What to Do When You Are Chased by a Snake
I lived for several years on the Japanese island of Okinawa. It's a tropical island setting with a wealth of beauty and a lot of things to do. We lived on the side of a mountain that overlooked the Pacific Ocean, and the beauty that we were able to observe from there was breathtaking.
There were a lot of enjoyable things about living in Okinawa, but one of the things that I enjoyed most was learning to scuba dive. The island is a coral reef so it is surrounded by all different types of coral - different colors, different shapes. There are also dozens of varieties of tropical fish. And the water is as clear as a bell. Even from the surface, by wearing a mask, you can see all of the beautiful sea life that's thirty or forty feet down.
But for a diver, it's not just the sea life. Different parts of the island have very different terrain, and you don't even have to have a boat to enjoy it. In most places you can just swim out a few feet and have a great dive in water that's anywhere from fifty to one hundred and twenty feet deep. In some places there is a wall. You swim out and all of a sudden the bottom goes from twelve feet to sixty feet deep straight down. Other places have caverns or giant boulders or wavy hills. So much variety.
Of course, scuba diving can be dangerous if you don't know what you are doing. That is why people who want to take up the sport have to get training. There is an actual certification that a person must get in order to participate in the sport. In the certification class you study all of the things you need to know to be safe. You learn how to use the equipment and actually practice doing it. You learn how to calculate the length of time you can dive at different depths to avoid getting the bends. And, of course, you learn about different kinds of sea life - particularly about creatures that can be dangerous.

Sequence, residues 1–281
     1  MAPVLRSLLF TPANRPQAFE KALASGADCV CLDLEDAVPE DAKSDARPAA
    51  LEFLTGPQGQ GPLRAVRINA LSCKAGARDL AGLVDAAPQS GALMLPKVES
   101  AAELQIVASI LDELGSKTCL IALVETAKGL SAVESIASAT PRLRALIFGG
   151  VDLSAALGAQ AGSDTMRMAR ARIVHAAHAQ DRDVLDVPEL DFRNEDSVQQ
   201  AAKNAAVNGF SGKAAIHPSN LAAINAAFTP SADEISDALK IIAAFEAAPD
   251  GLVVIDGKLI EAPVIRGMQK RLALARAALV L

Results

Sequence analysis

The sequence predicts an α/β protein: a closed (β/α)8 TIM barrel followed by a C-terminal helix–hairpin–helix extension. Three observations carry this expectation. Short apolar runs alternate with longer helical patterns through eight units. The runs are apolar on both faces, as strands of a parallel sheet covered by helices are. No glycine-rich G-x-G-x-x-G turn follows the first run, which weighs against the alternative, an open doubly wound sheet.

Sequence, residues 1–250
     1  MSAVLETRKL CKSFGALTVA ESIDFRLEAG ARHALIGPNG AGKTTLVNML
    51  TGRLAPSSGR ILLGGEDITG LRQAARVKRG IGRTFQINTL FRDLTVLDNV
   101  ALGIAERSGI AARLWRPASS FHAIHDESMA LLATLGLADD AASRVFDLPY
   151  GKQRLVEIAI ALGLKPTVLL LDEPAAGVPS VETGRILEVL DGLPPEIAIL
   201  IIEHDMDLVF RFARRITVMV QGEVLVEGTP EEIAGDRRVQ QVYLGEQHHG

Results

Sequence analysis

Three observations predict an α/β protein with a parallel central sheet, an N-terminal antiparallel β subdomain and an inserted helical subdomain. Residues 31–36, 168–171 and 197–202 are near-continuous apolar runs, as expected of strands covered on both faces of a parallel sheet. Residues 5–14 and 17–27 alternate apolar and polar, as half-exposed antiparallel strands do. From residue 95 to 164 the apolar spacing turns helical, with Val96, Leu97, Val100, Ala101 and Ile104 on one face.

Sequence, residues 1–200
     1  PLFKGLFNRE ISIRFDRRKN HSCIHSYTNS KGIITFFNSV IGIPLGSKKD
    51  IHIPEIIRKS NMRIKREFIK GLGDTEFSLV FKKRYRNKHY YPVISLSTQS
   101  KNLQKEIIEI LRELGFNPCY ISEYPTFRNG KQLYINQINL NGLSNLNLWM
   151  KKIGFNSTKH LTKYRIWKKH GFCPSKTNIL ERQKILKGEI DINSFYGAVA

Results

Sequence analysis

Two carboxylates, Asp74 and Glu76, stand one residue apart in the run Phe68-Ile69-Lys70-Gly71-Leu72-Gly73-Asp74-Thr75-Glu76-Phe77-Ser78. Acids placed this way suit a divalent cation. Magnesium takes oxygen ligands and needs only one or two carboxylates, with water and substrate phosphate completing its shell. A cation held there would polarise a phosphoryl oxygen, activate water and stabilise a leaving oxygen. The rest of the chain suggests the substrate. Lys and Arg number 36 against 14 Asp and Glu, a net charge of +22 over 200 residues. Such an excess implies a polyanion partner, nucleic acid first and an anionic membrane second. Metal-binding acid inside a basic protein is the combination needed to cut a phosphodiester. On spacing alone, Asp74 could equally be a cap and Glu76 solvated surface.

One day I was out diving with a friend and I came across a brown water snake. There were two kinds of snakes in the waters of Okinawa. Both are poisonous, but the brown ones are more so, and they are more aggressive. Well, I didn't see this snake until I was fairly close to him and when he saw me, he started coming at me. I had seen this kind of snake before and always steered clear, but had never had one come toward me. I'd been told that they won't mess with you unless you mess with them, but apparantly no ne had told this to the snake. He came towards me.
Now I don't like snakes to begin with, and especially not poisonous ones. When I saw him coming, I turned around and swam away as fast as I could. After I had gone a little ways I looked back and, to my surprise, he was still coming. You guessed it, I swam even harder. That rascal chased me close to forty yards before he finally gave up. Well, I knew that he wouldn't chase me forever and that if I could move out of his territory he would leave me alone. If I had not known what to do, though, I might have tried to attack him back or do something else stupid that would have caused disastrous results.
The Four Foundations for Gaining Control of Your Life
Knowing what to do is not something that just happens to us. We have to take the time and make the effort to figure out what we need to know, then go after it. We have to prepare. But we also need the whole picture. If we prepare in the wrong areas, or if our preparation is incomplete, we will end up as if we had never done any preparation at all. This principle applies to every arena of life - to our family, our job, our sports activities and every other area. Since the principle is so pervasive, it is important to make sure we completely understand it so we can use it in life.